Eighth 'Star Wars' installment challenges established format
Rian Johnson's take divides fans but betters franchise
I once stumbled across a YouTube comment that read: “No one hates ‘Star Wars’ films more than ‘Star Wars’ fans.” The simplest explanation for this phenomenon is that fans tend to romanticize some bygone era when “Star Wars” was, in their mind, perfect. However — and I say this as someone who has loved the franchise since I first saw the 1977 original — “Star Wars” was never perfect. No art is without flaws. The power of great art is that it can transcend those flaws and the wearying passage of time. That doesn’t mean, though, that there is not always room for improvement and growth.
Fittingly, this is precisely the topic writer-director Rian Johnson chooses to tackle in “Star Wars: Episode VIII – The Last Jedi.” While Johnson clearly loves “Star Wars” and what the series represents culturally and cinematically, he also suggests that both the fans and the fictional characters have been valuing the wrong aspects of the previous films. Just as the Jedi’s penchant for clinging to tradition has consistently led to their downfall, venerating the stylistic trappings of the original films while refusing to accept an exciting future inherently results in viewers’ stagnant mindsets. Given how outstanding “The Last Jedi” is, that’s a real shame.
The film picks up immediately after “Episode VII – The Force Awakens” ends. On an island housing the last relics of the Jedi Order, burgeoning Force-user Rey attempts to convince a bitter Luke Skywalker to train her while she secretly engages in an ongoing telepathic conversation with Skywalker’s ex-student and dark side devotee, Kylo Ren.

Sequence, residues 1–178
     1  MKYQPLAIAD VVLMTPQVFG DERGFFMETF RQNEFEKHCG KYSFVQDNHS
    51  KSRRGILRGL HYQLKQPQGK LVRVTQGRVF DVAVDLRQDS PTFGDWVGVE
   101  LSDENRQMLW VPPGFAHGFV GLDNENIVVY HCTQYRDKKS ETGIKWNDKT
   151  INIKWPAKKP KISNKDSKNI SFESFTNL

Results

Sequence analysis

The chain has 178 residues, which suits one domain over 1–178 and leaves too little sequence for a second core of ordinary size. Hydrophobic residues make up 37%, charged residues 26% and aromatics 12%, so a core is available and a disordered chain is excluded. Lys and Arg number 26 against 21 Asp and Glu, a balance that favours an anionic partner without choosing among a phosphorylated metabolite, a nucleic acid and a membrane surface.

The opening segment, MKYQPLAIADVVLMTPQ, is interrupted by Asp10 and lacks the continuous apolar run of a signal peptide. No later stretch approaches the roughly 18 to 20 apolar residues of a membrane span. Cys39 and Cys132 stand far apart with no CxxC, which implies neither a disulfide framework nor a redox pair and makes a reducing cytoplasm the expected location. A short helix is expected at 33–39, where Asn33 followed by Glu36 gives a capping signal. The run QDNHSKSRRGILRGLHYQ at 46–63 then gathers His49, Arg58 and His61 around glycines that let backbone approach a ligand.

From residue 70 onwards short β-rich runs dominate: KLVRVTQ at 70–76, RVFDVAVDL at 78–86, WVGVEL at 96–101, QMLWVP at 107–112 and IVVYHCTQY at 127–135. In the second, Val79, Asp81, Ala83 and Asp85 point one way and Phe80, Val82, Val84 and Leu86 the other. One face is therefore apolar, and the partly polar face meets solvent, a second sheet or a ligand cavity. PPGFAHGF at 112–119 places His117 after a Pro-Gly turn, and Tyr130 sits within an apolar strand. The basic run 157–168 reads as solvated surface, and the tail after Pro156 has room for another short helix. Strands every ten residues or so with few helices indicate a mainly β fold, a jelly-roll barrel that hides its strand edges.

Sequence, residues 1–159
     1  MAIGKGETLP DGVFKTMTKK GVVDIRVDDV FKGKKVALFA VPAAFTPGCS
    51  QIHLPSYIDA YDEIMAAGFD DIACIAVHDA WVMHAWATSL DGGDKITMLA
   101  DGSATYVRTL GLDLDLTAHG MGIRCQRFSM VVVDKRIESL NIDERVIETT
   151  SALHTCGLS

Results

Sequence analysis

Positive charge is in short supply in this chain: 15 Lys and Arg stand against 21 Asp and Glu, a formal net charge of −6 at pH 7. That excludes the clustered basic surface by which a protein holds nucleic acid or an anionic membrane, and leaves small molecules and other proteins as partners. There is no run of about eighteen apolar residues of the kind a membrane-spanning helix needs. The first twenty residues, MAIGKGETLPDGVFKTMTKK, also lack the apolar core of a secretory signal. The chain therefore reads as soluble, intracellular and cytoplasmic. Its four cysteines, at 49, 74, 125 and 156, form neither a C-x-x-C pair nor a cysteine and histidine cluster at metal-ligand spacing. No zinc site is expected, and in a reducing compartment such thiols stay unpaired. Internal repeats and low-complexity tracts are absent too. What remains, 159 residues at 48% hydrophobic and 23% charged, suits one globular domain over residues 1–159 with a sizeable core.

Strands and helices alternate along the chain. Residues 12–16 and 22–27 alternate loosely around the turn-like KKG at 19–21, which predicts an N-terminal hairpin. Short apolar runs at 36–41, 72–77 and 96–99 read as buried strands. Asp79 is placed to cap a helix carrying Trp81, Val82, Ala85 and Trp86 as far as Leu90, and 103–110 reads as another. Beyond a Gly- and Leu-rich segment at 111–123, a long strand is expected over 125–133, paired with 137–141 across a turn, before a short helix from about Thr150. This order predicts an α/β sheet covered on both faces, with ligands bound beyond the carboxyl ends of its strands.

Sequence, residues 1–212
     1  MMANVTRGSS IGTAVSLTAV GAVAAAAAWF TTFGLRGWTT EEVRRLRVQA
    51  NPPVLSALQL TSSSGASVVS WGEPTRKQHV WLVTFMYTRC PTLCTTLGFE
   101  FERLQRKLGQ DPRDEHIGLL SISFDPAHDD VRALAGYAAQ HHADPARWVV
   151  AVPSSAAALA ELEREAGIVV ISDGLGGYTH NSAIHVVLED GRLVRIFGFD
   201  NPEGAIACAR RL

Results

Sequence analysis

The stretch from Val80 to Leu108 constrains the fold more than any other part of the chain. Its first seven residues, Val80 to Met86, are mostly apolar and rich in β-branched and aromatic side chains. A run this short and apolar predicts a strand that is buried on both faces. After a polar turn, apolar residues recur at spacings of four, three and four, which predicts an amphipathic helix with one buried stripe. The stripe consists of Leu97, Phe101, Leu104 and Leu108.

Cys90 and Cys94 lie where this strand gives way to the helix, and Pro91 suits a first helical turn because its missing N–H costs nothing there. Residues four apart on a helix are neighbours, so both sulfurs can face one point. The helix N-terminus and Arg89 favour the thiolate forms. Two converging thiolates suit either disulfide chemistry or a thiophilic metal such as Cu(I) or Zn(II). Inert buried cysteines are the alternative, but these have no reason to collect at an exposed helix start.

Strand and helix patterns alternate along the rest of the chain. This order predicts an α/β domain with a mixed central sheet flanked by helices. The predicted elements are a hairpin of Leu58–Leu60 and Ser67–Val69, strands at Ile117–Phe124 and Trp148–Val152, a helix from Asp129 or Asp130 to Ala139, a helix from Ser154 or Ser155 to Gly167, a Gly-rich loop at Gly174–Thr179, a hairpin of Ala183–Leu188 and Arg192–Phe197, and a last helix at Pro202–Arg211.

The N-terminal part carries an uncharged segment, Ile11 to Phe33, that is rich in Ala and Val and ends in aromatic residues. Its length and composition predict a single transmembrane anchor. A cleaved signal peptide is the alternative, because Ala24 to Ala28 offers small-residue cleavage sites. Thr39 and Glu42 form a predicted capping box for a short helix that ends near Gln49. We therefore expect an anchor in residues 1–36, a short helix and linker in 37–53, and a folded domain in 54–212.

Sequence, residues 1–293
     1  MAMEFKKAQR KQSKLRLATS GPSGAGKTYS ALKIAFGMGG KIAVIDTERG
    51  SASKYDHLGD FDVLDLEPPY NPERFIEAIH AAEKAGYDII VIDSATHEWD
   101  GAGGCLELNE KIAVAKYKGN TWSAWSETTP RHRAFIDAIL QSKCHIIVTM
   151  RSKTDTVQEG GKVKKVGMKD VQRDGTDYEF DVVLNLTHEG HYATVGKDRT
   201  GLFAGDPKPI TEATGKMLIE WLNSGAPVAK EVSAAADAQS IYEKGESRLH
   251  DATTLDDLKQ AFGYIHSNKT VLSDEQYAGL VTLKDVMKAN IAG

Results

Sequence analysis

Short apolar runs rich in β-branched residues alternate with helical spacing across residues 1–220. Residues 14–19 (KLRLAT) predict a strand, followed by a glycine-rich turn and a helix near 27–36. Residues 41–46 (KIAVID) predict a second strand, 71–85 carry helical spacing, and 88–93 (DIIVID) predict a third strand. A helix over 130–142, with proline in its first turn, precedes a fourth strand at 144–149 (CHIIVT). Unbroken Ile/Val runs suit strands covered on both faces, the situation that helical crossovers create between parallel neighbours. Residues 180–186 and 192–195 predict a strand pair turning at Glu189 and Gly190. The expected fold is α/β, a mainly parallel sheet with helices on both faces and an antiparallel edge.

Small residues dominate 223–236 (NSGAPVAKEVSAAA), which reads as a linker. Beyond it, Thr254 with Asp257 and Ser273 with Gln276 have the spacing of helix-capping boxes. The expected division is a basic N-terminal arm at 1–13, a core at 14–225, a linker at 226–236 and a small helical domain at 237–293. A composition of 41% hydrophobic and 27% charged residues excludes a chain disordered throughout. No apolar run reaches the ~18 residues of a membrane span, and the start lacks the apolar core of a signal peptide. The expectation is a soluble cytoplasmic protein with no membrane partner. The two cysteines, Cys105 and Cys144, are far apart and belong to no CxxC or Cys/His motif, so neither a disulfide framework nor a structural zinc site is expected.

Meanwhile, the Resistance plays an extended game of cat and mouse with Ren’s comrades, the First Order, while Finn and newcomer Rose make a detour to Canto Bight, a casino planet, in search of a codebreaker who can help the Resistance retreat without being tracked.
That’s just the tip of the iceberg. The film’s lengthy plot proves to be both its greatest strength and its greatest weakness. On the downside, a longer story risks a higher potential percentage of moments that do not work. “The Last Jedi” is scattered with jokes that don’t quite land, plot points that are a little too contrived and conveniences that strain credulity. Although these incidents are few and far between, there are enough of them that they can’t be sweepingly dismissed.
Despite these moments, one also senses in every frame that Johnson sees this as his one and only shot at making a “Star Wars” film and clearly intends to maximize his tenure. His screenplay is filled with surprise twists and turns that are liable to shock even the most cynical of fans. But it’s really one’s response after the shock has worn off that matters most.
Some are angered by Johnson’s flagrant disregard for certain well-trodden franchise conventions. Others, like myself, feel invigorated by the fact that, after all these years, a Star Wars film can still elicit the sense of awe that accompanies being genuinely taken aback. That sense of awe, though, is largely contingent on one’s appreciation for the characters set up in the previous film, characters who naturally take center stage in all of Johnson’s plot machinations. If you, like me, loved “Star Wars: Episode VII –The Force Awakens,” then you’re in for a wild ride.